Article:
California just changed sex ed in 3 bold ways. Will your state follow?

It's the magical unicorn of sex ed policies, and it's time for other states to do it too.

"Don't have sex or you will get pregnant and die."

GIF from "Mean Girls."

It's not just a "Mean Girls" quote. Unfortunately, for many middle school and high school students in the United States, that's a pretty accurate summary of their sexual health education.


But there's hope on the horizon, in the form of an actually sensible sex ed law passed in California this month.

While most states don't even require sex education (and only 19 require that the education be medically accurate and factual), California schools are now required to promote sex ed curricula based on sound science and inclusivity rather than shame and stigma.

That's right: A state actually passed the magical unicorn of sex ed policies. Victory is ours!

1. The California Healthy Youth Act requires that sex ed programs include information on sexual orientation and LGBTQ sexual health.

LGBTQ sexual health is usually left out of sex ed curricula altogether in most states. And for cisgender students, remaining uninformed about the reality of their LGBTQ peers can only reaffirm harmful myths about non-hetero relationships. Fear thrives when people don't have the facts.

That's why this isn't just an important step forward for lawmakers. For some students, it could be life-changing — even life-saving.

"This bold and substantive legislation will transform the lives of thousands of LGBTQ teens who will finally have their identities validated, and their personal and sexual health needs addressed," said Ellen Kahn, the HRC's Youth and Families Program Director.

2. The law also requires teaching accurate info on STI and HIV prevention and treatment, birth control, and consent.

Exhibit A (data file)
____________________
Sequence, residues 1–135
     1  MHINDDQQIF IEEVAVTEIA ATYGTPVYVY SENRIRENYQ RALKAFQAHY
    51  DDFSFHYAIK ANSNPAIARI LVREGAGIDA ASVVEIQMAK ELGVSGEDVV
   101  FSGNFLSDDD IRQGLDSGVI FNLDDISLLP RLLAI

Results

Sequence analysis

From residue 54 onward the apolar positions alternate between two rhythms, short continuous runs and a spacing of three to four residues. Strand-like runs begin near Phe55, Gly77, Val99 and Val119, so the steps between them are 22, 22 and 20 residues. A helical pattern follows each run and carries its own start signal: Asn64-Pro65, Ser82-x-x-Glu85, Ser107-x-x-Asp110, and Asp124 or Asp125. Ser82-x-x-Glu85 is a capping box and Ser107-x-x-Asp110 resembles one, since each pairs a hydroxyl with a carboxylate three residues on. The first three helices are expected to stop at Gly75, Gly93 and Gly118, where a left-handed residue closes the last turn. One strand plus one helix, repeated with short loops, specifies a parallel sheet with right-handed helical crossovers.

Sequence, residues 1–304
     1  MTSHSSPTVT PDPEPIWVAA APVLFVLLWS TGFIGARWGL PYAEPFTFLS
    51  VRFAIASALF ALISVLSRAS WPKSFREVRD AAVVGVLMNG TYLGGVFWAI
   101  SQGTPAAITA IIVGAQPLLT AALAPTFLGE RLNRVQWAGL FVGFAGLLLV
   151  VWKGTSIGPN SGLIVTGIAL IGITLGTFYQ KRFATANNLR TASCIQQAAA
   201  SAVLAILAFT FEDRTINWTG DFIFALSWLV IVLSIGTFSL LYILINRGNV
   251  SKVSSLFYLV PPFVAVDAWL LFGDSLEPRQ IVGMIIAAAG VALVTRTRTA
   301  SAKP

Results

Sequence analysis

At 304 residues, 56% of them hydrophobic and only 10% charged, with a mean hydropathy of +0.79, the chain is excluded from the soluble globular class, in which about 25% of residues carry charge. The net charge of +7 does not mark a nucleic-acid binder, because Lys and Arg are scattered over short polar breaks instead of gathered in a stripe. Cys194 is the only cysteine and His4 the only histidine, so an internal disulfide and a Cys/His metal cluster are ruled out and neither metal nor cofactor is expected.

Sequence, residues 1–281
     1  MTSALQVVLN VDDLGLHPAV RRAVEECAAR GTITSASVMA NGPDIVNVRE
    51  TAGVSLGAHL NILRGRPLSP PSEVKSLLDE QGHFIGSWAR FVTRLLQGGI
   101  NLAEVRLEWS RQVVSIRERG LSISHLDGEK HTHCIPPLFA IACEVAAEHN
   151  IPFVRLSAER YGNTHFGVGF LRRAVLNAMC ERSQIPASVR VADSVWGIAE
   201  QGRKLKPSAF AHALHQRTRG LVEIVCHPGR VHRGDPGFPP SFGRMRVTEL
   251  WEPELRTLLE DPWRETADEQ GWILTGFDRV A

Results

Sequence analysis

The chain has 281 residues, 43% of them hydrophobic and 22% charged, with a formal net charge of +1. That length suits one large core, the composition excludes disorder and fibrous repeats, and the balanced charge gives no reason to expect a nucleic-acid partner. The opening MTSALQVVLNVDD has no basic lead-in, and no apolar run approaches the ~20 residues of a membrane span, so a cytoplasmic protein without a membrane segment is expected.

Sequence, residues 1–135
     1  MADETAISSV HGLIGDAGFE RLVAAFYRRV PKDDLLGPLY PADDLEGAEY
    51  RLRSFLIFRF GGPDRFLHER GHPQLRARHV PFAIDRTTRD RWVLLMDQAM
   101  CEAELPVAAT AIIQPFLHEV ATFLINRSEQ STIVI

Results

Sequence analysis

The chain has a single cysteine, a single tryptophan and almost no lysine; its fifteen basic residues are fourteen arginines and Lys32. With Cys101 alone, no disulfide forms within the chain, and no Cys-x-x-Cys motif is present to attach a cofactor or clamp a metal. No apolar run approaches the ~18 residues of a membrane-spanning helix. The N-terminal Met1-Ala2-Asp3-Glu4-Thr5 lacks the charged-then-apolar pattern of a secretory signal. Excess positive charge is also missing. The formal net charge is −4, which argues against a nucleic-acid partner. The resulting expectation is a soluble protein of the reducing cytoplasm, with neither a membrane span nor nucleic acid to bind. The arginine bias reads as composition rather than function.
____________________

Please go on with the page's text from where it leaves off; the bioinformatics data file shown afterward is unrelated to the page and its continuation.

Comprehensive, inclusive sex ed makes a lot of sense from a public health perspective too. Research has shown that teens who get the right information tend to have lower STI and teen pregnancy rates.

3. Plus, the new law requires teaching about affirmative consent and how to have healthy relationships.

Tina Fey and Amy Poehler get it. GIF from 2013 "Golden Globe Awards."

"I firmly believe that by instilling in young minds the importance of affirmative consent and relationships built on love and respect, that we can reduce the sexual violence inflicted on young woman," said Sen. Kevin De León, one of the bill's authors.

Affirmative consent is the idea that healthy, consensual sexual relationships require an enthusiastic "Yes!" from all parties involved, free of coercion. It's a model of consent that empowers people to make informed sexual decisions for themselves and encourages partners to communicate with one another too.

Honestly, there's still a long road ahead for making sure that all people — and especially LGBTQ folks — have access to the education, social services and health care they need to make informed decisions about their bodies and lives.

But with trailblazers like California leading the way, there's so much reason to believe in a better future.

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